Droughts can be very tough on trees and plant life. When the soil dries out, vegetation becomes stressed, and the lifespan of your trees dips lower. Therefore, it’s important to give your trees plenty of attention during and after droughts to make sure they’re getting the water and nutrition they need to remain healthy.
Here’s some information from our tree service in Baton Rouge, LA about caring for your trees in exceptionally dry weather.
Symptoms of drought stress
How do you know if your trees are experiencing stress related to the drought? There are a variety of symptoms you may begin to notice. The most obvious signs include wilting or scorched leaves, yellowing, sparse canopies, undersized leaves, leaves starting to drop prematurely or a premature coloration in the fall. Upon closer inspection of the tree, you’ll start to see poorly formed buds or limited growth of new twigs. It may even seem as though the tree isn’t growing at all.
Trees that have been weakened by drought stress are also more susceptible to invasion by disease-causing organisms and pests like borers that can destroy trees. If you notice symptoms suggesting the presence of these diseases or conditions not long after a drought, it is likely that the two are related.
What you can do
It’s important to take action even before your tree begins to show signs of stress. If you know you haven’t been getting enough rainfall, you should make sure to supplement with additional watering. You can either have a sprinkler placed under the tree, or water the tree yourself by hand. Most of the active roots in a tree are within the top foot of the soil, so you don’t need to water extremely deeply, but it can be a good idea to water each morning and keep at least the top couple inches of soil moist.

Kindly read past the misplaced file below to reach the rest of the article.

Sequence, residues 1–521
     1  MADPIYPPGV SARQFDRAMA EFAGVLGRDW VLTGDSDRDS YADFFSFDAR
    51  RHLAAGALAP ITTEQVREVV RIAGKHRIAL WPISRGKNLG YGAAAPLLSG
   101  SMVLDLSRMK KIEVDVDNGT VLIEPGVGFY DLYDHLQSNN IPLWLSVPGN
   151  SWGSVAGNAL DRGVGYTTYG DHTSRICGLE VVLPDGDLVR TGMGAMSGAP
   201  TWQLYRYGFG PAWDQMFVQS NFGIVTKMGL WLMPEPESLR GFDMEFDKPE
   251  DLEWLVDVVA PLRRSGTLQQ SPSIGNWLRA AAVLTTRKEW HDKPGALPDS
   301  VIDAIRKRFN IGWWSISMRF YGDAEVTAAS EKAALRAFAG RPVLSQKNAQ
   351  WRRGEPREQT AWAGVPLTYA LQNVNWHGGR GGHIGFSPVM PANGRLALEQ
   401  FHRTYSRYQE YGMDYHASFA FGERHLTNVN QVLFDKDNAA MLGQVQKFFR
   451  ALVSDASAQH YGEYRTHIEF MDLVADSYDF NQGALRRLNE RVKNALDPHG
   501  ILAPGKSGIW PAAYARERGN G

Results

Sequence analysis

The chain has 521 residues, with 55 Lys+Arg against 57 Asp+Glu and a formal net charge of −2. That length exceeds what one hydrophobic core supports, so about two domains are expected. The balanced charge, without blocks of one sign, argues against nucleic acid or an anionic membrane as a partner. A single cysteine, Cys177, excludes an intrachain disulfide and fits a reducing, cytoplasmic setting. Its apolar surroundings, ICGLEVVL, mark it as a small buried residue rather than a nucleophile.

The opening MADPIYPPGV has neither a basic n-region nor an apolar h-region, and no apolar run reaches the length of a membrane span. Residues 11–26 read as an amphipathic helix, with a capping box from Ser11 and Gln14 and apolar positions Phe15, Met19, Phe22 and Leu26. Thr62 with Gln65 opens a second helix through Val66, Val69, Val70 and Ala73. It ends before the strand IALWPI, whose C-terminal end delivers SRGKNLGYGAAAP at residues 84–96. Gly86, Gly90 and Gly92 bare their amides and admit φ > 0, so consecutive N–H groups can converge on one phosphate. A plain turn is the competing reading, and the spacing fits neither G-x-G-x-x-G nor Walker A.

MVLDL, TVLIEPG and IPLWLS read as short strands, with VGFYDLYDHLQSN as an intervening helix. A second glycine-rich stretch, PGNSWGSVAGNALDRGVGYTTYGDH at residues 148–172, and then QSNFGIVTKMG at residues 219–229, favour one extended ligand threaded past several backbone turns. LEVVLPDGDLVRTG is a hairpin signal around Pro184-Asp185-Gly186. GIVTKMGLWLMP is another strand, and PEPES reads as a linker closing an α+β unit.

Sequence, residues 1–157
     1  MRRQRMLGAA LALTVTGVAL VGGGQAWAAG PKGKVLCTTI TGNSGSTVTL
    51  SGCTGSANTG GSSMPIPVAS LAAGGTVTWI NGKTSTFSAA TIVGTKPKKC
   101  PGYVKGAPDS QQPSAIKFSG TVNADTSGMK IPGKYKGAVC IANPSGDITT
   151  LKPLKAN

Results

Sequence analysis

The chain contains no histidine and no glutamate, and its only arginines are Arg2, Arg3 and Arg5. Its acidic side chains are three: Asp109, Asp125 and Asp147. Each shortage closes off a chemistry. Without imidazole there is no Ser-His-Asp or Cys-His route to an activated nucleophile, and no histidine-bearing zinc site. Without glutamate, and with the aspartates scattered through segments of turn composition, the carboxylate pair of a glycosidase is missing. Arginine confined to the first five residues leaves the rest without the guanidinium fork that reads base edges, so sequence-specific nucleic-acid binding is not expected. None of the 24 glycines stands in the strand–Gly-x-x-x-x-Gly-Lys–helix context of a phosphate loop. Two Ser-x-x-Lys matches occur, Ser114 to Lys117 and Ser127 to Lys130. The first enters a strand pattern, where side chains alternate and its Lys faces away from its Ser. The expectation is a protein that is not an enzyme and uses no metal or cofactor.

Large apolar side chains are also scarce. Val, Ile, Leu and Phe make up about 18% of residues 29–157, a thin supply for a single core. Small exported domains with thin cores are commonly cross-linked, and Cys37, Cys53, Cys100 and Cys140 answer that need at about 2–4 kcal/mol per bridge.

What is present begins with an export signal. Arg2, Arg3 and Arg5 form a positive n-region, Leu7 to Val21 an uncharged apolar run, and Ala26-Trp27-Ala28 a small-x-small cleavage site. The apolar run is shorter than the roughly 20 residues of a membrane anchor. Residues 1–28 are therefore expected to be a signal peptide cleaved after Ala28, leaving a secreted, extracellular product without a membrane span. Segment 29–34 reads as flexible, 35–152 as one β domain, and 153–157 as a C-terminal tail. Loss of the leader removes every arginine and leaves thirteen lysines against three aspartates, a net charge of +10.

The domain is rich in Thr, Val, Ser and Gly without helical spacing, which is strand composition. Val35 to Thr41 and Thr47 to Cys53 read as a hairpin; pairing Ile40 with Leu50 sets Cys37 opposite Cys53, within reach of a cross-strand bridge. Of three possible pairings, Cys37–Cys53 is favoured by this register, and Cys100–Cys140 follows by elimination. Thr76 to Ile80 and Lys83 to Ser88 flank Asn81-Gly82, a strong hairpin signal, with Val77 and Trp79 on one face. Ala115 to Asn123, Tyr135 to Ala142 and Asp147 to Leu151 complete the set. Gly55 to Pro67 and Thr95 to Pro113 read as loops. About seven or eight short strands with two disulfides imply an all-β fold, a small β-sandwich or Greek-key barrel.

Water slowly and deeply every five to seven days during drought season when the temperature is around 100 degrees. When the temperature cools off slightly, to 75 to 85 degrees, you can reduce your watering frequency a bit, but you should still water somewhat regularly if you aren’t getting any rain. Keep in mind that the root zone for your tree could extend far beyond the canopy if there’s a lot of space in the area, so you should try to get as much of the root zone damp as possible.
Also keep in mind that turf like grass under the tree’s canopy will result in you needing to water more thoroughly, because that turf will absorb a good amount of water applied to the surface. This is one of the reasons why, with new trees, it’s a good idea to keep mulch in the area to prevent grass from growing and to keep the water near the root ball.
For more information about dealing with drought stress and keeping your trees healthy, or to schedule tree service in Baton Rouge, reach out to the experts at Allan’s Tree Service today.
Categorised in: Tree Service
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